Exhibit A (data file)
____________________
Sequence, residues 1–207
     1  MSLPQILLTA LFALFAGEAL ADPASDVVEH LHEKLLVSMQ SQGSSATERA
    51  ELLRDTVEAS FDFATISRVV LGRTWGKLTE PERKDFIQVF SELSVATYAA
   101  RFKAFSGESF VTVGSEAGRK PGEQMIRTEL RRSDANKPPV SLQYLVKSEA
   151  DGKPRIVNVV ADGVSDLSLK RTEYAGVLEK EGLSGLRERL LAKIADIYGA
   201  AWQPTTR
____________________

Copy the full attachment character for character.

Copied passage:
Sequence, residues 1–207
     1  MSLPQILLTA LFALFAGEAL ADPASDVVEH LHEKLLVSMQ SQGSSATERA
    51  ELLRDTVEAS FDFATISRVV LGRTWGKLTE PERKDFIQVF SELSVATYAA
   101  RFKAFSGESF VTVGSEAGRK PGEQMIRTEL RRSDANKPPV SLQYLVKSEA
   151  DGKPRIVNVV ADGVSDLSLK RTEYAGVLEK EGLSGLRERL LAKIADIYGA
   201  AWQPTTR